Some of you will have heard the rumour that the Guild of Students is banning Pre-drinks or banning fun by having breathalysers at the entrance to Fab.
This is not true… Yes there will be some breathalysers at Fab. But they are not there to ban fun or to stop you from coming in!
They will be used in two ways. The first as a way for people to understand how much alcohol correlates to what percentage blood alcohol volume (how many Micrograms per 100 ml). The second as an objective means by which security staff can assess the level of intoxication an attendee is.
I’m sure you have questions. So I will try to answer them. If I don’t feel free to get in touch with me at VPW@guild.bham.ac.uk
Why are we doing this scheme? Primarily to reduce the number of students who become victims of violent crime whilst being under the influence of alcohol. This is a police initiative designed to lower crime in the local area. This has been trialed in other areas and students’ unions around the country with great success. What we hope to do to tackle this is to educate students as to how much they are under the influence, the risk associated and we hope that this will mean that when people leave an event at the Guild they are aware enough of their surroundings to not walk home alone and to return home safely.
Secondly, the objective is to measure an individuals level of intoxication. We’ve all been stood behind that person in the queue who hasn’t been let in because they’ve been stumbling and are waaaaaay too drunk. Only to hear them protest that all they’ve had to drink is a glass of wine or a beer. Using a breathalyser gives an objective judgement not dependent on the opinion of security staff as to whether or not someone is too drunk to be allowed in.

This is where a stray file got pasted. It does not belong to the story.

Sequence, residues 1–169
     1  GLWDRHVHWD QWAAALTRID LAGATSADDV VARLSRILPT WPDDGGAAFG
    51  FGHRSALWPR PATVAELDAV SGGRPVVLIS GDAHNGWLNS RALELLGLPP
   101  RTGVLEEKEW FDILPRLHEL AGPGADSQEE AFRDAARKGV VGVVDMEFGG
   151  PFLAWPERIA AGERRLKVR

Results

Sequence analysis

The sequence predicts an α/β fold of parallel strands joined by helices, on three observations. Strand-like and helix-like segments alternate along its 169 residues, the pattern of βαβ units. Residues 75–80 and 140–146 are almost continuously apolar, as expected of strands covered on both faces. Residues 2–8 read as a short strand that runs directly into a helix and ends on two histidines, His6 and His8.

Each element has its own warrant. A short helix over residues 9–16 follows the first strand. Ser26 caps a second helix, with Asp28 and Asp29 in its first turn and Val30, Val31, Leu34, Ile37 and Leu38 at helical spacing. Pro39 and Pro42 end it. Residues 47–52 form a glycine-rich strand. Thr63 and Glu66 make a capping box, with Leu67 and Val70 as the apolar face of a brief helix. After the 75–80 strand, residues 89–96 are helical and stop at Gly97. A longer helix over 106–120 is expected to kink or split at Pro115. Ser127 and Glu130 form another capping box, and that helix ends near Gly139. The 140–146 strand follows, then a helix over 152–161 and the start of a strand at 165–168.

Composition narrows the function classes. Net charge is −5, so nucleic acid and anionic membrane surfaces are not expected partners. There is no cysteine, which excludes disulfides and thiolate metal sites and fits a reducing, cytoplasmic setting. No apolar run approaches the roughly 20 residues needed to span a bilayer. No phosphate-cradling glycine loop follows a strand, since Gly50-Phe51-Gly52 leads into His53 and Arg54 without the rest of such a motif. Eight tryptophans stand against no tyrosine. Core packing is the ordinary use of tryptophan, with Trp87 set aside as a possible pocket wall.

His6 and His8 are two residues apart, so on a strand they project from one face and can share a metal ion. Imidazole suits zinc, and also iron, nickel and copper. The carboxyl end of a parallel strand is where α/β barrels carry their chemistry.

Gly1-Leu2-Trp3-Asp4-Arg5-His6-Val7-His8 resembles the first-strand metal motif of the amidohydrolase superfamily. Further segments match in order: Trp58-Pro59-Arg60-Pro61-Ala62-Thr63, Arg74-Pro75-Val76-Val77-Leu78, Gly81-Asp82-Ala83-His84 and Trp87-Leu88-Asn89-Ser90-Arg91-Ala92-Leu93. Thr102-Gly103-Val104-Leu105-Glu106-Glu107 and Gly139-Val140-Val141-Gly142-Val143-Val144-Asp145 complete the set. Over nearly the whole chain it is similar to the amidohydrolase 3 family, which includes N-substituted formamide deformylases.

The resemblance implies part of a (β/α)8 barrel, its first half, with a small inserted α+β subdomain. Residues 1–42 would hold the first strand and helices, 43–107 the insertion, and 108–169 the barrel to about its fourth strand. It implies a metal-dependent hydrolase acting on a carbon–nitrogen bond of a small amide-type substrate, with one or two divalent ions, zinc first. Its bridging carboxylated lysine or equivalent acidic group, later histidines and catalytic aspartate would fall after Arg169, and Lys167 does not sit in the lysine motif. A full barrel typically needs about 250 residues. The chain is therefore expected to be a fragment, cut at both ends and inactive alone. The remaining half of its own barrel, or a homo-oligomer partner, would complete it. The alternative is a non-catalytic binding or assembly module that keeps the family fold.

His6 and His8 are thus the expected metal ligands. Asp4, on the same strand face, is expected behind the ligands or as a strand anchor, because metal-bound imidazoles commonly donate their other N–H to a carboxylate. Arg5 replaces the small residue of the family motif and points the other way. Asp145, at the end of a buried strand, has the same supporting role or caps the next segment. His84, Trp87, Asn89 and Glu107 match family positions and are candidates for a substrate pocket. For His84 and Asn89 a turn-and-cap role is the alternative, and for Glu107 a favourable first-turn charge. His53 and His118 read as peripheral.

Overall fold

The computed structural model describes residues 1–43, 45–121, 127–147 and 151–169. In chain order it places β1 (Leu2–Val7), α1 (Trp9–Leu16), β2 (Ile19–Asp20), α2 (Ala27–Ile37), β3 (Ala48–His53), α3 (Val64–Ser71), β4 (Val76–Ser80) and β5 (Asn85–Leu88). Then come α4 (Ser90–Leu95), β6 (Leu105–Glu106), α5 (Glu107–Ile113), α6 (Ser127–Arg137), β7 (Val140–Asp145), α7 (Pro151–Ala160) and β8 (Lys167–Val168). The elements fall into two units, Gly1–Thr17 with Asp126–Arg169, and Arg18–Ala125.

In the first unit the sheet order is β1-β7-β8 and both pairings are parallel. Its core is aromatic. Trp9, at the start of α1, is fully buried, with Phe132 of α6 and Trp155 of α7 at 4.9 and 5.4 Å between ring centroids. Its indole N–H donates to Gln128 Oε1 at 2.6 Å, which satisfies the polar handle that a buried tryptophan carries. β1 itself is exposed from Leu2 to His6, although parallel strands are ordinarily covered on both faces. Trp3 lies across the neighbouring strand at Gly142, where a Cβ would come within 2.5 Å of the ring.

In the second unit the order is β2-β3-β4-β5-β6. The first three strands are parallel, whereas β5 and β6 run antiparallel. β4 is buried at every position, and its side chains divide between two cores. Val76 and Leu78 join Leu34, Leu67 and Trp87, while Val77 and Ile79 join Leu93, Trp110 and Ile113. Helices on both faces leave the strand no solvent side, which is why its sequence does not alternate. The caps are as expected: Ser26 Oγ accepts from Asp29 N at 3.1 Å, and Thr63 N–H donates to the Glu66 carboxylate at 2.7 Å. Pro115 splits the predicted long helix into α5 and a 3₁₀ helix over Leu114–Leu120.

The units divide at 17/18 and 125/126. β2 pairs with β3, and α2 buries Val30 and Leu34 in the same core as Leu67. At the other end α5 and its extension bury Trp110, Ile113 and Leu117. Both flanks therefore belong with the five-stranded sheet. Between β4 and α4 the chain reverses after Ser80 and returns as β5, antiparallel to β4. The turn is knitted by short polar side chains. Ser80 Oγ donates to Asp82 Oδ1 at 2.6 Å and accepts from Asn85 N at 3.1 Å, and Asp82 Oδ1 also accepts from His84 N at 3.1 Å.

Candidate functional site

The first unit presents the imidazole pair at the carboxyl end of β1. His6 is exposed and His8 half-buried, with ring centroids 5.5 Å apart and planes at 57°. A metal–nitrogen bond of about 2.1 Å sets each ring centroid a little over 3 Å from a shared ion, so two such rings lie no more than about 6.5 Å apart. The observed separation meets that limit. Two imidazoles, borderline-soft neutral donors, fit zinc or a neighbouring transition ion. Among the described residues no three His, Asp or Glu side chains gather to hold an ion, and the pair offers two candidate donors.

If an individual really has only had one beer, they will blow a low blood alcohol level and there is the possibility that they may be able to get in.
How is this going to work in practice?
The first two/three weeks we will have people stood just inside the entrance offering students the chance to take a breathalyser test.
We’ll ask people to predict where they are and then get them to take a test. This will just be an opportunity for people to check how drunk they are and to get some facts about different levels of intoxication.
After the initial 3 week period we will be moving one of the breathalysers, to be used by the door staff managing the queue and we will select people at random (1 in every 100) to blow into it.
The aim of this is to let people know what level they are at before arriving at an event so that they can balance their alcohol intake throughout the night. It will also be an opportunity for the security staff to assess people’s intoxication level when deciding on letting them in.
What is the point?
I’ve covered this a little in the Why section. But to give you some context this scheme was trialled for an 8 week period in other areas, leading to a 32% reduction in violent crime in the area and a 66% reduction in drunk and disorderly calls the police received. It also will allow the Guild as a venue to review its policy in relation to other similar establishments. We will be tracking the levels of intoxication, the majority of people and noting down their age and sex in order to create a benchmark at which we no longer allow people into the venue.
Where will this be happening?
Finally, this scheme has already been rolled out across Broad Street and from this weekend will be used in the majority of the bars and pubs in Selly oak. The aim is that over the next 8 weeks we will see a reduction in violent crime and drunk and disorderly conduct in Selly oak